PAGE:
2. “Number of Monthly Active Twitter Users Worldwide from 1st Quarter 2010 to 2nd Quarter 2016 (in Millions),” Statista, Statistics Portal, July 2016, http://www.statista.com/statistics/282087/number-of-monthly-active-twitter-users/.
  3. “Top 15 Most Popular Social Networking Sites” eBizMBA, August 2016, http://www.ebizmba.com/articles/social-networking-websites.
  4. To think through the philosophical implications of these four spheres of human life and awareness, see my article, “Spheres of Awareness: 4 Unique Ways Humans Perceive Reality,” Reflections (blog), Reasons to Believe, May 24, 2016, http://www.reasons.org/blogs/reflections/spheres-of-awareness-4-unique-ways-humans-perceive-reality.

  One thought on “Reflections on Social Media: Is Digital Networking a Good Phenomenon? Part 1

  1. Ron Lankford
    September 20, 2016 at 6:08 am

    To me, social media is neutral technology until it is applied by a person. Then it changes state. Perhaps all technology is this way, although this argument applied to a smart bomb might be a bit tortuous. An influenza virus, on the other hand is not neutral, but it is not technology and is not applied by a person as such. It is either encountered or avoided. So I suppose that technology has to be knowingly applied as opposed to encountered to be assessed. This is going to be a *very* interesting series. Thank you!

    • September 20, 2016 at 9:50 am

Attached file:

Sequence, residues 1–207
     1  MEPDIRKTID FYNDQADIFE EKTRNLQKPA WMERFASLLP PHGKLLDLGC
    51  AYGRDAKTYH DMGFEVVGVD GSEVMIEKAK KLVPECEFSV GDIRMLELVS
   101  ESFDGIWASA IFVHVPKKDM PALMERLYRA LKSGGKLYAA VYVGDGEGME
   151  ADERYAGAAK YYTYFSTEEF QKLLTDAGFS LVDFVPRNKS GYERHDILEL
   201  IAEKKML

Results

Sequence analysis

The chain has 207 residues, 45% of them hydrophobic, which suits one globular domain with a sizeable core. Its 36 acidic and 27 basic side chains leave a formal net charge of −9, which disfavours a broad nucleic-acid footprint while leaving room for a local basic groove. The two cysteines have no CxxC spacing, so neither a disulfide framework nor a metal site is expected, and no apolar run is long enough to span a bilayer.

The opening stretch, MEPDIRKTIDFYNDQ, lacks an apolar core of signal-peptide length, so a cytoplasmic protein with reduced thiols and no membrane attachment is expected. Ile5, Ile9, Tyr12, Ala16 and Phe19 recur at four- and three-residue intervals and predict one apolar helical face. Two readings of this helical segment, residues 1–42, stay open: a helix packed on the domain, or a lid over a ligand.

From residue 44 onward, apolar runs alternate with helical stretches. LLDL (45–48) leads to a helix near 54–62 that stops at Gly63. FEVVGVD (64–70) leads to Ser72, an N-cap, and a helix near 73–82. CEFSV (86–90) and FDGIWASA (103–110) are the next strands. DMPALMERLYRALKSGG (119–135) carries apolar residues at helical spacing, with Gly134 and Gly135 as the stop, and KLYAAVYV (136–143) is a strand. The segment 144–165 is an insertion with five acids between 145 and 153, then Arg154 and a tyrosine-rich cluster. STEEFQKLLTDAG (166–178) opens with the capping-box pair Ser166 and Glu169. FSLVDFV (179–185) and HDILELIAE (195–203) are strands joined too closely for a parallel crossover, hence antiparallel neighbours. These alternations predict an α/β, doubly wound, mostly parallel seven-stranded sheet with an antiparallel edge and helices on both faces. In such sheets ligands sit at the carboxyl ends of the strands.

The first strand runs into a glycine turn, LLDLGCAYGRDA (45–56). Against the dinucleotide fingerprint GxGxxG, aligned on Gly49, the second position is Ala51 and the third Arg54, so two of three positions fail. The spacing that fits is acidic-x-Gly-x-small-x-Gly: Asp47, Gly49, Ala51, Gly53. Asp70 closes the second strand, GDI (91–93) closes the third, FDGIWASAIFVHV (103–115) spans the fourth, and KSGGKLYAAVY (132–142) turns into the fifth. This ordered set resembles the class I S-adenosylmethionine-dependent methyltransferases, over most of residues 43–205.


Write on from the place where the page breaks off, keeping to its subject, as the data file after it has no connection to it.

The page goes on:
Thank you for your comments, Ron.

      Best regards.

      Ken Samples

  2. September 20, 2016 at 12:26 pm

    God created all the elements that make social media possible. Like everything else He created, we have freedom in how we use it and enjoy it. Does our use of social media glorify our Creator and Savior, or ourselves?
    So like everything else, the enemy will continually try to divert us away from a wise and righteous use, and into a use for pride and idolatry.

    • September 20, 2016 at 12:50 pm

      Thanks for your comments, MFD.

      Best regards.

      Ken Samples

  3. Johnny
    September 26, 2016 at 4:25 pm

    I remember while as a small pre-schooler in the late 1940s sitting at my great-grandmother’s feet I would often here her say that this new-fangled television must be “of the devil” – she would not have one in her house. A few years later she bought one and enjoyed some of the programs – she learned that it wasn’t the “machine” that was good or evil but the people using the technology – and she had the human ability to choose how it would be used in her life. Grandmother was the “social” part and the “new-fangled” machine was the “media” part. It was her choices that made the difference, not the that box of parts.

    • September 27, 2016 at 2:56 pm

      Hello, Johnny.

      Thanks for your comments.

      Managing the technologies may be the ticket but that is sometimes tricky. TV has deeply shaped peoples lives for both good and not so good. Having a TV in the 1940s must have meant that your family was fairly affluent. TVs were rare and expensive then.

      Best regards.

      Ken Samples